The new solid-state drives, announced in advance of the upcoming Dell World 2014 expo, fit directly onto the PCIe bus of enterprise servers.
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The ThinkPad line of laptops has long been the standard for business. The latest model is the best of the lot, by far.
Take a blade server, add shared storage, PCI expansion and networking and you have the Dell PowerEdge VRTX. It's a surprisingly scalable yet affordable all-in-one system aimed at small businesses, but attracting interest well beyond its intended market.
Which is more troubling: the fact that one in five SMB retailers still aren't PCI DSS compliant or that another 14 percent of them don't know?
The Carbon X1 is a popular laptop in the ThinkPad line, and the latest generation looks to be more of the same.
The ThinkPad X240 uses Lenovo's Power Bridge technology to provide hot swappable batteries to keep you running for up to 17 hours.
Lenovo's tablet has impressed me since buying it a while back. Having updated it to Windows 8.1, I find it even better due to Microsoft's improvements.
The No. 1 PC company's ThinkPad strategy plays well with its enterprise base and tries to capitalize on what analysts call a mini corporate PC refresh cycle.
While Toshiba unveils a 7mm hybrid hard drive/solid-state drive, Samsung launches the first PCI Express-based SSDs for ultra-thin PC notebooks, the same one found in new versions of Apple's MacBook Air.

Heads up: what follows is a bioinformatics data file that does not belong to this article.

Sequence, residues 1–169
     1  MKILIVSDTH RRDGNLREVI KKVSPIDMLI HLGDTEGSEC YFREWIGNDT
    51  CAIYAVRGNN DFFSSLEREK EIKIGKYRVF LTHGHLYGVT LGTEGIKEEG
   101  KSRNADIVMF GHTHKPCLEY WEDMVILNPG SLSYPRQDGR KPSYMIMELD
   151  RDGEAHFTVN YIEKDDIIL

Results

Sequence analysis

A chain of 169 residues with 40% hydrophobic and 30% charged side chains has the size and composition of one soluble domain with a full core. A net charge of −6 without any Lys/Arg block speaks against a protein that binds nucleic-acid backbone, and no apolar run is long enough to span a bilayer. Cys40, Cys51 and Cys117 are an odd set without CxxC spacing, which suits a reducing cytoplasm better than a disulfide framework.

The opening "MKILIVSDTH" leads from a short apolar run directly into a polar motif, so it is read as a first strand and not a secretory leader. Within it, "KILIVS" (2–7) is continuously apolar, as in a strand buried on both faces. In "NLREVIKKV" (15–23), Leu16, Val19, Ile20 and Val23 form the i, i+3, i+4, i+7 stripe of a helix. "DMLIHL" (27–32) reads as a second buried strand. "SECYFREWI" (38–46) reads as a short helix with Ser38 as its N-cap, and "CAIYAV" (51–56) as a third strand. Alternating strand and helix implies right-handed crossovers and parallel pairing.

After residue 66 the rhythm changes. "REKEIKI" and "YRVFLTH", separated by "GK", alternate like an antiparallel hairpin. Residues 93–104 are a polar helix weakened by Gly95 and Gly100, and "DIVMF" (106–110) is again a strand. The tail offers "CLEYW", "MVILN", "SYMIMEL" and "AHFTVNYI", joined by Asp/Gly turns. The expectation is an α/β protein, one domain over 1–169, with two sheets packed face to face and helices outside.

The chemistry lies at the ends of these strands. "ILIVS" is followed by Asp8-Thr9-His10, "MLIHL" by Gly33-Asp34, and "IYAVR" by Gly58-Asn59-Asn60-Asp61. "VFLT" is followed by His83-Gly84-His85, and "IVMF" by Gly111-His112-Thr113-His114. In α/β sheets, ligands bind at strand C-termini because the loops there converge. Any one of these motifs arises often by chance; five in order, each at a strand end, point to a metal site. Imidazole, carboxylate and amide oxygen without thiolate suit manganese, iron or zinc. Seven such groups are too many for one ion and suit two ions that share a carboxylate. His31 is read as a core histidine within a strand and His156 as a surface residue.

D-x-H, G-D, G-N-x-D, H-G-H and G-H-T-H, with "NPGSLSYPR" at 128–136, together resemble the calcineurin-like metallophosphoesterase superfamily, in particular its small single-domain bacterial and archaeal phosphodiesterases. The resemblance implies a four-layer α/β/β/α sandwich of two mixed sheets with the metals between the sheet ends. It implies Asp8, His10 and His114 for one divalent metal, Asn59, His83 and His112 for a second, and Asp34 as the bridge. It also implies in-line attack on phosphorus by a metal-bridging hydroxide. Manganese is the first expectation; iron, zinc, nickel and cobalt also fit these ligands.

The ThinkPad X1 Carbon Touch is attractive and solidly built, with an excellent touchscreen and a great keyboard. However, we'd like to see more ports and a removable battery at the very least. As it stands, this ultrabook is too expensive for widespread deployment.
This 11.6-inch Windows 8 device swivels between tablet and notebook mode, but it doesn't do so cheaply.
Due in December, the new X1 laptop gets touch-enabled, and you can save money with a special Black Friday code on Lenovo's website.
Today, Lenovo is celebrating the ThinkPad's 20th anniversary for the second time, and this time on the correct date. It might seem trivial, but for the Chinese company, it's important as a way of exploiting the brand advantages associated with IBM's name.
Lenovo spared no expense making the ThinkPad X1 Carbon a real mobile workhorse. From the 14-inch IPS display to the 256GB SSD in this review unit, the X1 Carbon is a road warrior's delight. It doesn't hurt it has the best trackpad the reviewer has ever seen on a Windows laptop.
Lenovo has upped its game with the ThinkPad X1 Carbon. This ultrathin laptop fits a 14-inch high-res IPS display into the chassis of a 13-inch MacBook Air. The SSD and Core i7 processor make this a powerful addition to the road warrior's travel bag.
Don't put an Ultrabook sticker on this new notebook from Lenovo. It's a ThinkPad, and that carries more marketing weight.
Pricing is yet to be determined, but Lenovo is only the first in the corporate ultrabook parade. HP, Dell and a host of others will push ultrabooks on corporations.
Lenovo couldn't wait for the CES and announced the first ThinkPad Ultrabook and a slew of other laptops.
Tablets are powerful computers, and using one with a good keyboard can function as a decent laptop replacement. I put two Honeycomb tablets to the test to see which is better for this purpose.
The Chinese electronics manufacturer has added to its line-up of mobile devices with the launch of the Android-based IdeaPad K1 and ThinkPad tablets
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